Kiln-dried logs and seasoned logs are both types of firewood, but they are processed differently and have different properties.
Kiln-dried logs are logs that have been heated in a kiln to remove most of the moisture content. The process of kiln drying involves heating the logs to high temperatures, which can be up to 200 degrees Fahrenheit, in a controlled environment. The high heat and controlled environment of the kiln dries the logs quickly and effectively, leaving them with a moisture content of around 15-20%.
Seasoned logs, on the other hand, are logs that have been air-dried for a period of time. This process typically takes several months to a year, and the logs are exposed to the elements, allowing the sun, wind, and rain to remove the moisture from the logs. The moisture content of seasoned logs is usually around 20-30%.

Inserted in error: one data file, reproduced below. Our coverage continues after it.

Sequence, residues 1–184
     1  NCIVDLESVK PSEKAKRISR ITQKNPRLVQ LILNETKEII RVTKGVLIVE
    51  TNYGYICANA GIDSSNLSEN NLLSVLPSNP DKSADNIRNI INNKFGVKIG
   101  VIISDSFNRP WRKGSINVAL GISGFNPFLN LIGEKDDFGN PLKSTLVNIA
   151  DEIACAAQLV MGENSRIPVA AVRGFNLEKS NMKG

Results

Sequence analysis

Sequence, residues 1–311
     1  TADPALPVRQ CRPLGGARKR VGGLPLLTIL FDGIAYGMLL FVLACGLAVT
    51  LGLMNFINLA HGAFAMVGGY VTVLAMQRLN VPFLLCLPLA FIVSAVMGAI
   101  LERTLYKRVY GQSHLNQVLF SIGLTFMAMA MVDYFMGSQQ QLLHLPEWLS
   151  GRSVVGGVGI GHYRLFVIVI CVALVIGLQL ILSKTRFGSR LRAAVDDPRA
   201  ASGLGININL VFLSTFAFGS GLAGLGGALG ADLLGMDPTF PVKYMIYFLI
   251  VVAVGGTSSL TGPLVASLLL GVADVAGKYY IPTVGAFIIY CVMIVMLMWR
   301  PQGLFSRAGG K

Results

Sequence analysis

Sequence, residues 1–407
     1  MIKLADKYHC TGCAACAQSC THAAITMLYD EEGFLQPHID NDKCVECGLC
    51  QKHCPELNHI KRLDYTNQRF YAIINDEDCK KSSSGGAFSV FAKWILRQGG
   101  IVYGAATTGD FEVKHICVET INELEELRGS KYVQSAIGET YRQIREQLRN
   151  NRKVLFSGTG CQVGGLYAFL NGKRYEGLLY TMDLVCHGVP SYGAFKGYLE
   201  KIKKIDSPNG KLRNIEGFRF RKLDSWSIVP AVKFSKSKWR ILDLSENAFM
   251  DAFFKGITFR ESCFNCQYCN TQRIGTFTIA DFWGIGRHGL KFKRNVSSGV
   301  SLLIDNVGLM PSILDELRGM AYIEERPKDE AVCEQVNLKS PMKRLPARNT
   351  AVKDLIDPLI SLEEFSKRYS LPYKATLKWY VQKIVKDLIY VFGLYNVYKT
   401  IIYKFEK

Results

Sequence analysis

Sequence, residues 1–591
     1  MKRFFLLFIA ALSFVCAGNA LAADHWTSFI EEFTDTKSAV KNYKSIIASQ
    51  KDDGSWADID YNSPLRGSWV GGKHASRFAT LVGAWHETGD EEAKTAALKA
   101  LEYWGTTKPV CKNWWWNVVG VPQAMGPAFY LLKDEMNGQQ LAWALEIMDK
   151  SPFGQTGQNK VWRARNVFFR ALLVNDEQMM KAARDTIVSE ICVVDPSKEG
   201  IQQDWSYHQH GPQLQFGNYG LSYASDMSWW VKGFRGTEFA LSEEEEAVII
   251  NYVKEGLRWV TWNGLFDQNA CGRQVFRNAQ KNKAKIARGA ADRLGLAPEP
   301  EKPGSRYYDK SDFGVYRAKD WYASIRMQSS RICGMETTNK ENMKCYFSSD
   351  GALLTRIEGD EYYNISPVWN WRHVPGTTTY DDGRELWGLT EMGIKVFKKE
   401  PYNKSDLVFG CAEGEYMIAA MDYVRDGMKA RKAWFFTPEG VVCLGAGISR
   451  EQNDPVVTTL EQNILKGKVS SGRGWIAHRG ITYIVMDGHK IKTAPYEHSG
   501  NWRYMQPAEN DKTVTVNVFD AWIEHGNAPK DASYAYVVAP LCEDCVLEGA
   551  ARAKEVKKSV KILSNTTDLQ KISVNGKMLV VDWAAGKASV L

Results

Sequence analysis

The main difference between kiln-dried logs and seasoned logs is the moisture content. Kiln-dried logs have much lower moisture content than seasoned logs which makes them more efficient and cleaner burning. They tend to ignite more easily, burn hotter and for longer, and produce less smoke. Seasoned logs, on the other hand, are less expensive, but they will require more time to dry out and may not burn as efficiently.
Another difference is that kiln-dried logs are also treated to kill any insects or spores that may be present in the wood. This makes them a better option if you are looking to store your firewood indoors or if you have concerns about pests.
It's important to know the difference when purchasing logs for heating or cooking, because the moisture content of the wood can have a significant impact on how well it burns and how much energy it produces.